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"Castro feels at one with what he thinks of as the 'perfect revolutionary society of Cuba'.."
- Kirk Stephan

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Gaviota, the last cowgirl in Cuba
by Kirk Stephan, Iowa City, Iowa, USA, who travelled to Cuba
October 1999

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Even though having promised never to do it, Fidel brought tourism to the Island. He thought he had to in order to save the crumbling economy and I think he also felt that the program would be simple and without ramification. CubaThere were however... a fine name for condensed capitalism would be tourism, and one, of course, can't exist without the other. So, with very little time separating the events, the first few happy-holiday visitors were joined by hustlers, thieves, drunks, blackmarketeers and rip-off artists.

The hustlers were to be called Jinateros(Cowboys!) and appeared as "guides" and helpers on the Varadero beach, around the second day. About the third day, women, usually being stronger and smarter than men, took over the new profession or at least made the dudes look like pikers, since they discovered their own brand of hustle, specifically "partying". Now, all Cubans had been deprived of most luxury happenings and items since the Soviets had pulled out, at least 10 years before, so they were more than ready for this new possibility: Food, drink and gadgets suddenly were available, at least to the few who could meet a tourist, and a lively beautiful girl didn't have much problem with this.

The first 5000 Jinateras recognized the possible rewards of this way of life and, consequently, never asked for money, at least never put a price on her services, which were to be happy, have fun, and share some fancy living. She usually made out much better with this arrangement since foreigners appreciate "giving" attitudes (romance, parties, drink) and the lack of pressure (no price list/bill presented "a priori")!

So things went on like this for a few years, underground capitalism midst a communist paradigm... Well, Harry and me had arrived this year, not to experience a "first" Christmas, for there was no evidence of the holiday at all (and we agreed that it was perhaps the most pleasant aspect; that no corny music was being blared through the streets, nor advertisements or any hoopla at all), but to see a major crackdown on the people who, by now, had a "taste" of free enterprise.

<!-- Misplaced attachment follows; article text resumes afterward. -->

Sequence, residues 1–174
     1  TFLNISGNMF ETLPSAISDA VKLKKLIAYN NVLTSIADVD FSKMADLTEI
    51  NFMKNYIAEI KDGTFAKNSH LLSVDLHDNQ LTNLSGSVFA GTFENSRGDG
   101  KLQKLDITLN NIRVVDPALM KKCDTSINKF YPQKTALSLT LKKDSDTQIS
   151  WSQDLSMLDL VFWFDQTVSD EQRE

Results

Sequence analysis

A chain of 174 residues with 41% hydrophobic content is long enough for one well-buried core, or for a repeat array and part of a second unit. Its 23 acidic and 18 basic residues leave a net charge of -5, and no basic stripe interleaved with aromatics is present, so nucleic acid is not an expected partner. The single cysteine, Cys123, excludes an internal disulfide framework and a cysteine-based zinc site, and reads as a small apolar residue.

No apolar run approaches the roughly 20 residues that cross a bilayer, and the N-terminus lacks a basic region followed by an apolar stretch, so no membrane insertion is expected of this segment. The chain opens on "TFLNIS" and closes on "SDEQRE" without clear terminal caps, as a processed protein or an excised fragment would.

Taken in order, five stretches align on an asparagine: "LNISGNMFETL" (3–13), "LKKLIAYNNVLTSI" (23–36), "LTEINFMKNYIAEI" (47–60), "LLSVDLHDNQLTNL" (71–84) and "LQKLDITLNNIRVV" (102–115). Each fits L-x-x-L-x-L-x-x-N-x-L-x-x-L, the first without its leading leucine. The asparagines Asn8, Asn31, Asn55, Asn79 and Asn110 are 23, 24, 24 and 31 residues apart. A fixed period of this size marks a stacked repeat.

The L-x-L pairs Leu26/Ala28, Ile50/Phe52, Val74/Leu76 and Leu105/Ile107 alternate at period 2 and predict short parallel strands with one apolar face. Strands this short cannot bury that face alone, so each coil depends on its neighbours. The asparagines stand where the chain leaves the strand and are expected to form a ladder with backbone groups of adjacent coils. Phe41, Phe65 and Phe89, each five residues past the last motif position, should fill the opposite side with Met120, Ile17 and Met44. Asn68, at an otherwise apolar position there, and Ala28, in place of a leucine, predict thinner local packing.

Quote from a Russian general: "Ridicule is not permitted under socialism" -H. Mitgang

For the year prior to this visit the foreign feminist and politically-correct press had been having a field day, particularly focussing on the prurient (how rare!) so that the Jinetera became the center stage of the newly discovered "Island sex paradise". Of course the salting of the stories with contiguous terminology helps so tidbits like "drugs" and "crime" were added. Fidel didn't like this.

Castro feels at one with what he thinks of as the "perfect revolutionary society of Cuba", and so when the press of the world began the feeding frenzy and the finger-pointing, he took it personally, and acted. Of course, he has the complete control necessary, the dictators equipment, to unillateraly deal with such events.

Harry and I had heard of the massive arrests but we were startled by the frequency of the sight. Remember that the year before it had been days before I'd even noticed policemen on the streets of Havana. Now they were approximately 2 per each block, and were shortly to be joined by Dobermans and Shepards, the people making wide swerving detours in flowing foot-traffic so to not get too close; they didn't appear too amused by the phenomenon. We'd also heard that roughly 5000 young women were being held in Havana prisons alone.

I must've witnessed a dozen or so good-looking, well-dressed girls, every day being hauled away in squad cars; the accompanying cops didn't appear displeased with this new line of work. We also witnessed a similar number of men being stopped at random, searched, questioned, and usually, taken away, somewhere...

We ourselves were stopped, probably the 2nd or 3rd day, resulting in our taxi driver being arrested for not having paid the (huge) license fee necessary for carrying foreigners. I was stopped 3 more times in Havana while the bicycle rick-shaw drivers wheeling me about were given the same treatment (imprisoned) Just before one of these events the driver was explaining that this special fee was about $200/month (10 times what the salary of an average doctor would be!) and therefore would equal about 200 average trips, meaning a necessity of working, steadily, 15 hours a day, 30 days a month...

and what's Kirk's verdict on Cuba?

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